Breast Cancer Awareness - You can help beat Breast Cancer

How do I check my breasts?There’s no right or wrong way to check your breasts. Try to get used to looking at and feeling your breasts regularly. Remember to check all parts of your breast, your armpits and up to your collarbone.

What changes should I look and feel for?
- Nobody knows your body like you do,so you’re the best person to notice any unusual changes.
- Changes in size or shape.
- Changes in skin texture such as puckering or dimpling.
- Inverted nipple.
- A lump or thickening of breast tissue.
- Redness or a rash on the skin/around the nipple.
- Discharge from one or both nipples.
- Constant pain in breast or armpit.
- Swelling in armpit/around collarbone.

The facts
- The number of people being diagnosed with breast cancer is increasing, but the good news is survival rates are improving. This is probably because of more targeted treatments, earlier detection and better breast awareness.
- The biggest risk factor, after gender, is increasing age – 80% of breast cancers occur in women over the age of 50.
- Breast cancer also affects men, but it’s rare – around 400 men are diagnosed each year.
- Breast cancer is not one single disease there are several types of breast cancer.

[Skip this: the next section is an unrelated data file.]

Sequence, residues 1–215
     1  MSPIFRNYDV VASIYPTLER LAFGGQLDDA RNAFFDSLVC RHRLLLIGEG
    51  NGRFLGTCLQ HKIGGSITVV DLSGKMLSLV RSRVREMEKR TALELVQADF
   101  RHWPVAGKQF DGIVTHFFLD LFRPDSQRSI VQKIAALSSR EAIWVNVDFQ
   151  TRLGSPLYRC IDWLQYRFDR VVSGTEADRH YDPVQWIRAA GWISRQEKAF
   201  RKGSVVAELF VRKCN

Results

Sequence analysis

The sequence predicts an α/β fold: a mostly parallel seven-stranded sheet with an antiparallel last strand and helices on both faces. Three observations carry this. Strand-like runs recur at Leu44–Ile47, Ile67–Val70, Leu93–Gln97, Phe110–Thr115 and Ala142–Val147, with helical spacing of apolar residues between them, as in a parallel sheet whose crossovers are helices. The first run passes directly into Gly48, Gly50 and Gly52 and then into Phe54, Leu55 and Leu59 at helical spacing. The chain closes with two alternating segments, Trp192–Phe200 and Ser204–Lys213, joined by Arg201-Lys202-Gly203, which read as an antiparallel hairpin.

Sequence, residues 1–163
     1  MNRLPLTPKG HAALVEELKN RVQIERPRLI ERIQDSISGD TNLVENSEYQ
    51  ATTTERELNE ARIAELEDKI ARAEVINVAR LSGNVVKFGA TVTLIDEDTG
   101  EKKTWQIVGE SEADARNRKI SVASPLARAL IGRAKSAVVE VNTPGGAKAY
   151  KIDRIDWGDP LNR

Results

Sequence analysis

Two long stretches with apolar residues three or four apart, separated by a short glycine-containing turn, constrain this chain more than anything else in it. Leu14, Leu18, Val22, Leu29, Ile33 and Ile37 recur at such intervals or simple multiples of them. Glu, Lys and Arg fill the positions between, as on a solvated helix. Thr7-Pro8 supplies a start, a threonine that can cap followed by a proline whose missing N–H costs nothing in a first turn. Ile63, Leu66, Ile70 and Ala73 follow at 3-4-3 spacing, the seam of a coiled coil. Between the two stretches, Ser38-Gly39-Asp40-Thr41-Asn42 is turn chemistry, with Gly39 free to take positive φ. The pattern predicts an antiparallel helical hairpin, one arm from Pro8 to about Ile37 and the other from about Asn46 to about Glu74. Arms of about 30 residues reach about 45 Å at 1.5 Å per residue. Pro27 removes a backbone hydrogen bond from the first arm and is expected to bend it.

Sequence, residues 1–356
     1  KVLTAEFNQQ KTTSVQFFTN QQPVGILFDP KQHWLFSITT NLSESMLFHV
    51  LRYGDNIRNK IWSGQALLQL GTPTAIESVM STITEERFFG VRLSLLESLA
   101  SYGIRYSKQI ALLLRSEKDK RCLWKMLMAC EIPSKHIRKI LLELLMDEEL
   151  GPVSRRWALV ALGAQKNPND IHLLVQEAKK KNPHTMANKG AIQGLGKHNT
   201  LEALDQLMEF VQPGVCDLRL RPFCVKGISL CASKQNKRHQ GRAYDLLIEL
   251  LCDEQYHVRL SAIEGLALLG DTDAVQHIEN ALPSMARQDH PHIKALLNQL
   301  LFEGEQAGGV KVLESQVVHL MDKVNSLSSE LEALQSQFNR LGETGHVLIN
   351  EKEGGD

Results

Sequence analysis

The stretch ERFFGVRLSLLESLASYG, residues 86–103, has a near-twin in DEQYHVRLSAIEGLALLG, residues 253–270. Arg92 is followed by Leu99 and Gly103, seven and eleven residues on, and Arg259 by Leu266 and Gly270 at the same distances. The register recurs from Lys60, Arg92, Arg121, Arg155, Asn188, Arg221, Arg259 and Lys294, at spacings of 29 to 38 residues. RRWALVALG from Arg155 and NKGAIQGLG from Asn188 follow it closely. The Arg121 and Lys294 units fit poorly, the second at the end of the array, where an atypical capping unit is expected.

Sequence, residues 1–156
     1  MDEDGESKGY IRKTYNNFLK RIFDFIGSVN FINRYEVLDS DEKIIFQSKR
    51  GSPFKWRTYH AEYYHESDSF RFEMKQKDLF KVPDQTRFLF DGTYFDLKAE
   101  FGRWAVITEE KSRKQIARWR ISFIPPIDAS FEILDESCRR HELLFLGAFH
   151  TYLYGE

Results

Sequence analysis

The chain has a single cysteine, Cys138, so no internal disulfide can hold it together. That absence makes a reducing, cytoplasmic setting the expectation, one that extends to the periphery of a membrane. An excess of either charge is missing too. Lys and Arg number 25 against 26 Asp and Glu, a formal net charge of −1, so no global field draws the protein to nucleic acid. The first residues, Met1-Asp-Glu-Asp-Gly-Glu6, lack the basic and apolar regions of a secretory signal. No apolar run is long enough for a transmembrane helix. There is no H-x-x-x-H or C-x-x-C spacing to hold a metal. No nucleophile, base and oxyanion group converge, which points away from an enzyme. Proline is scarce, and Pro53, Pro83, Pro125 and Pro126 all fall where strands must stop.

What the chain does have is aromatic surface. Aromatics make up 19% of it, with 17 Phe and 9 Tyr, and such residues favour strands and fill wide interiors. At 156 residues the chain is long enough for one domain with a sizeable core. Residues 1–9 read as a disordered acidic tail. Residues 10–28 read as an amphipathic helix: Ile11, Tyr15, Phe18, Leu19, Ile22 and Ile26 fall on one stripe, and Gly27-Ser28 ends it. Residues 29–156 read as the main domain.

- Not all breast cancers show as a lump, and not all breast lumps are breast cancer.
- Less than 10% of all breast cancers run in families, so having someone in your family with breast cancer doesn’t necessarily mean your own risk is increased.
The stats
- Every year nearly 55,000 people are diagnosed in the UK. That’s the equivalent of 150 people every day or one person every 10 minutes.
- 1 in 8 women in the UK will develop breast cancer in their lifetime.
- Nearly 12,000 people die from breast cancer in the UK every year.
- Breast cancer is the second most common cause of death from cancer in women in the UK, after lung cancer.
- Of adults aged between 25-49, breast cancer accounts for 45% of all female cancers.
- There are an estimated 550,000 people living in the UK today who have had
*Ductal carcinoma in situ (DCIS) is an early form of breast cancer, sometimes described as anintra-ductal or non-invasive cancer. ** This refers to invasive breast cancer. Statistics correct at time of publication.

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